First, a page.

I'm as big a fan as anyone of lower race entry fees. That said, there is a huge demand for races right now, and arbitrarily lowering fees to increase accessibility or because you don't like high prices isn't going to work as long as people are clamoring to run races. We need the number of entries in well-run races (including more, newer races) to catch up with the number of runners willing to pay pretty much any asking price for the ability to pin a bib on themselves.

An ineffective pricing model like this does a disservice to both the runners and the organizers: organizers are left making less money than they could, and cheap runners like me are left competing for limited entries with runners who are willing to pay more than I am.


  1. Tiered pricing is, indeed, the most efficient market-clearing mechanism in ANY market. We've got the technology... why don't we use it???

    I personally LOVE races that let me save $5 if I skip the t-shirt.

    1. I have been wondering this for AGES.

      As far as I can tell, it's a combination of a few things: race directors who are runners first and business people second; "going with the flow" and just using existing systems rather than innovating; need for money upfront/desire for races to oversell.

      Bells and whistles with registration are nice, and some people will always want them - but I agree that I don't!

  2. Supply and demand, to an extent, makes sense. People will complain, but people will ALWAYS complain.

    1. I have a theory about that, too (I have theory about everything). I think that a problem that plagues running and racing today is that a lot of people are still living in the ethos of the 70s/80s/90s running boom, when road racing was a grass roots effort led by a bunch of dedicated runners, rather than an industry. So, take the NYRR. No matter what they do, people complain and loudly. My theory would say that this is because they purport to be a membership organization and they encourage volunteering - thus suggesting that they would also welcome member input. Yet they not only don't want member input, but they often seem kind of oblivious to it. We're consumers, not members. I mean, if I go to the Target and don't like the price of their toilet paper, I don't start a twitter war against them. I shop somewhere else. Given that the ship has sailed on racing as an inclusive, grass roots thing, I look forward to the day when not liking the prices/amenities of certain races means I just go somewhere else with my money. /rant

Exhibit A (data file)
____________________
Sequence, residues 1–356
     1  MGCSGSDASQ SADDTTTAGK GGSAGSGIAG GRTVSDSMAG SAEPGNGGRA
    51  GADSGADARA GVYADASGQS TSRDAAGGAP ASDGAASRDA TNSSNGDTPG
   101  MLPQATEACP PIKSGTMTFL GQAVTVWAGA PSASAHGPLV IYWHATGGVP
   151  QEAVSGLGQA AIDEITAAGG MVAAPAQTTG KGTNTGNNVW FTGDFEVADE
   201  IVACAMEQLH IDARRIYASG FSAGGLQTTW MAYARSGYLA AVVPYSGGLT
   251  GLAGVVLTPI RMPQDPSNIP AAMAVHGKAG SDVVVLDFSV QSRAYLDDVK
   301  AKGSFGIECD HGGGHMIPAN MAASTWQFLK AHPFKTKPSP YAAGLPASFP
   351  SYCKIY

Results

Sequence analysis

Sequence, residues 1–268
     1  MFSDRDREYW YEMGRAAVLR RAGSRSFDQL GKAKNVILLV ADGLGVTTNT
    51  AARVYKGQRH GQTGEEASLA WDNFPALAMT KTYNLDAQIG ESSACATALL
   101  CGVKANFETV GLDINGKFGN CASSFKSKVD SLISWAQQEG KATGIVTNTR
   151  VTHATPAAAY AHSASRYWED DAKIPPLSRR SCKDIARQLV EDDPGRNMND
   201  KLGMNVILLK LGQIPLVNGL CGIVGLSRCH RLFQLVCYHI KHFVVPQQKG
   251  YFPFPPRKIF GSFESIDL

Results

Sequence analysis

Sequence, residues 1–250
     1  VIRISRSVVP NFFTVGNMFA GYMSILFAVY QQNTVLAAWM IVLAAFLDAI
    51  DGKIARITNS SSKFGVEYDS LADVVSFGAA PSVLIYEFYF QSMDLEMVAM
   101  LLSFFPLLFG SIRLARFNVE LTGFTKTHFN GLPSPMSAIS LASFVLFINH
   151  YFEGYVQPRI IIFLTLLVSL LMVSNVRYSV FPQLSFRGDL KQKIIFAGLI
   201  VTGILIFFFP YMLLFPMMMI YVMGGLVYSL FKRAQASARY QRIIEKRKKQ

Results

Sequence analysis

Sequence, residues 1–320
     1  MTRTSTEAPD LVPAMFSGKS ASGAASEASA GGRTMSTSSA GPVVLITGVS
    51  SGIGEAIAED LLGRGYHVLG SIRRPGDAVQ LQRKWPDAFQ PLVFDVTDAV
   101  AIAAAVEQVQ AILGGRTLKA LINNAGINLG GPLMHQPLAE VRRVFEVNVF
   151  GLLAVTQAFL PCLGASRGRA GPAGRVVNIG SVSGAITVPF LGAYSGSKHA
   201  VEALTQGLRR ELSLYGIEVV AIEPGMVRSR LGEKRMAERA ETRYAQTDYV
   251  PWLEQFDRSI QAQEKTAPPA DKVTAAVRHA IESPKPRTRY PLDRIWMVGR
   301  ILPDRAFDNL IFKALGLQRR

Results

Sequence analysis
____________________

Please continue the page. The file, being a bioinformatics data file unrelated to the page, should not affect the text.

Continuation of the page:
3. I already put up my 2 cents on this over at magmilerunner so I won't torment your readers with it again, but I sooo wanted to run that race! My husband's mom lives like 5 seconds from Naperville and it would have been perfect. I guess I probably would have registered when they lowered it to $75 except I haven't been paying attention and had no idea it sold out already. Whoopsie daisy. Fack. Anyway, I thought about you when I read maggie's post because one of the race directors got all pouty with her on her blog and I was thinking, "Woooo! Race director-gate 2.0!"

    I really like your idea for the tiered pricing. I'm doing a 5miler this month that's only $20, or you can pay another $12 for a long sleeve tech shirt. I'm not getting the shirt, but it's nice to have the option.

    1. Oooh, I don't read her. I should. But yeah, I agree re: Naperville. It's about 15 minutes from my parents and I'd do the race in a heartbeat - except it sold out in a heartbeat. But I love it when race directors are uppity! Seriously. It's like they should all be required to take Business 101: how to make money and not be mean to your customers before being allowed to run a race. But yeah. The thing about tiered pricing is that there are going to be people who are willing to pay a ton.